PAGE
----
May 4, 2011

God, Loss, Grief and Faith

A few months ago I read the blog of a father whose small daughter was dying.  At one point, he told her that she’d be going to Heaven to be with a Father who loved her even more than he did.

When I read those words, I I had two simultaneous thoughts. I wished I had the conviction of that father, in the midst of losing his daughter,  to believe that something better was waiting in the beyond.  And I wondered how someone could tell their child that?  How could anyone love my child more than me?  It’s impossible.

For some people, loss brings them closer to God.  They see Him there, in the small things.  In the light.  Their faith grows.  For some people, loss drives God away.  The how questions are too plaguing.  They hurt too much.  How can someone who loves me leave me with so much pain and so few answers?  Sometimes I can’t reconcile them no matter how hard I try.

I want so much to believe in a world after this one.  I want so badly to believe that my Mom is waiting there, her body healed.  Her spirit content while she waits for us.  I want to believe that she can see, if not participate, with us.  I want to believe that she knows Baby Bee.  I want to believe she knows the woman my brother will marry.  I want to believe that she’ll know my brother’s children and my sister’s children.  I want to believe it so much.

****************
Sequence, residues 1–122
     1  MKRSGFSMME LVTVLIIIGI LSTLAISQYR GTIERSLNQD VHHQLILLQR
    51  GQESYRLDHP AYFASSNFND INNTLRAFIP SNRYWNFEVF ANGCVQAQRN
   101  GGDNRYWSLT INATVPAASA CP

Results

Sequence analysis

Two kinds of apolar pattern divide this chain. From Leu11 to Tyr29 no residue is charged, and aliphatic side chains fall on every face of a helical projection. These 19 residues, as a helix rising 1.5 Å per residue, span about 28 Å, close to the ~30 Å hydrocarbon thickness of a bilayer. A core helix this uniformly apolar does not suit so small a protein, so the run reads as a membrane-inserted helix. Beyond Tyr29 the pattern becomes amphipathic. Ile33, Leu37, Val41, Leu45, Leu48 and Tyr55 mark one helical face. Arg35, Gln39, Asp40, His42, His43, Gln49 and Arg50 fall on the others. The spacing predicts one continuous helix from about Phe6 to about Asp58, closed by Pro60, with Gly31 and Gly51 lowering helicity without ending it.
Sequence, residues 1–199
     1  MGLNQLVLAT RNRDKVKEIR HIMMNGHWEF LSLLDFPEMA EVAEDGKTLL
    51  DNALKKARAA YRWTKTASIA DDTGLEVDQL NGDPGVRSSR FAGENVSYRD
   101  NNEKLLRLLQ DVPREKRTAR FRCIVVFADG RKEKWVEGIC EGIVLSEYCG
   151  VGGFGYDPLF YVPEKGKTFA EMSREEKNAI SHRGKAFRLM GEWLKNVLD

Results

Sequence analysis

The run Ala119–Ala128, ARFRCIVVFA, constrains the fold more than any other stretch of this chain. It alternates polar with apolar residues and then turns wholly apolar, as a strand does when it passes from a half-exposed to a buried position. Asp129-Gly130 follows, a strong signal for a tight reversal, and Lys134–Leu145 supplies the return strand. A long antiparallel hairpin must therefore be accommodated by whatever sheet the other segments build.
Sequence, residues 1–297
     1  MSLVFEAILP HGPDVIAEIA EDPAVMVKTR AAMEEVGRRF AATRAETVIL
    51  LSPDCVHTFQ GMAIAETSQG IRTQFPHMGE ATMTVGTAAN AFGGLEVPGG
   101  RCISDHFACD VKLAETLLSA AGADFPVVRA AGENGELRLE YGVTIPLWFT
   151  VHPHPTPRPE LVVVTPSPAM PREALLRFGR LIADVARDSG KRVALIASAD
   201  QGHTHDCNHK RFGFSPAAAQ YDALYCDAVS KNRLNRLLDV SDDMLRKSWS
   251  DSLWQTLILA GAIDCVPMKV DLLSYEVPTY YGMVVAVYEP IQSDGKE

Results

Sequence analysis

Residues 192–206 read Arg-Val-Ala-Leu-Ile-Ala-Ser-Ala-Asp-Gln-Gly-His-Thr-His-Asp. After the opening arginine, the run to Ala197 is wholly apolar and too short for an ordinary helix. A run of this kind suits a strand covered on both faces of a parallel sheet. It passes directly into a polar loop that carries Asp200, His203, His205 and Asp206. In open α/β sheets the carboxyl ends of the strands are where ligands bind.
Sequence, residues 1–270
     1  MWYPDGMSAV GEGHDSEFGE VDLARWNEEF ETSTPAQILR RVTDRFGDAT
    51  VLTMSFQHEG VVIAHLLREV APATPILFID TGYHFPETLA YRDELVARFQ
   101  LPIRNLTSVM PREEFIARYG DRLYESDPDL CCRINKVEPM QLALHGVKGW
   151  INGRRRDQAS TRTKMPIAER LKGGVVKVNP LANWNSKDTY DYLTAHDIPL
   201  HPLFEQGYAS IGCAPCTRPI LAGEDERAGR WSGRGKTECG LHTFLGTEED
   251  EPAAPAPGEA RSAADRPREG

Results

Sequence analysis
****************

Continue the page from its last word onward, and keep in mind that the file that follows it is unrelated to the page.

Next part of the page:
But, for me, loss has shaken my faith and even though I hold onto the ledge with my fingernails, trying to scramble back up onto the ground above me that is faith, I found the fight harder and harder and I consider letting go.  It may be easier to believe that there is reason to anything.  That there is no Creator, benevolent or vengeful.  It may be easier to believe that it was just random happenstance and a genetic mutation that caused my Mom to only live 49 years, than to believe that there was  a puppet master pulling her string for an early exit from the stage.

When I was 16, and my Grandmother was battling bone cancer (a long, arduous, difficult fight that would kill her in the end), I told my Mom I thought I was an atheist.  I couldn’t justify this inflicted pain. I didn’t understand.  My Grandmother was a good woman.  A good mother.  She cared for my disabled Grandfather.  She was a good daughter.  And she died horribly.  She went to church, sitting in the pews, holding the hymnals, singing in a clear voice.  She didn’t get mad when I threw up ham and cheese sandwich all over her living room or when my brother drew in the family photo album.  She sang me songs that I sing to my babies.  Playmate and Marsey Doats and Fiddle-Dee-Dee.

The disconnect between how she was dying was so far away from what I thought God would do or how God worked that I felt like I couldn’t walk His path anymore.

My mother said “That will break your Great Grandmother’s heart.”

And it would have, but I sang “In the Garden” at her funeral, by her request, when she died at 93.   My Great Grandma buried three children before herself.  My Grandfather buried his Mother and his Daughter in the same week.

Where’s God?  In all of that, where is he?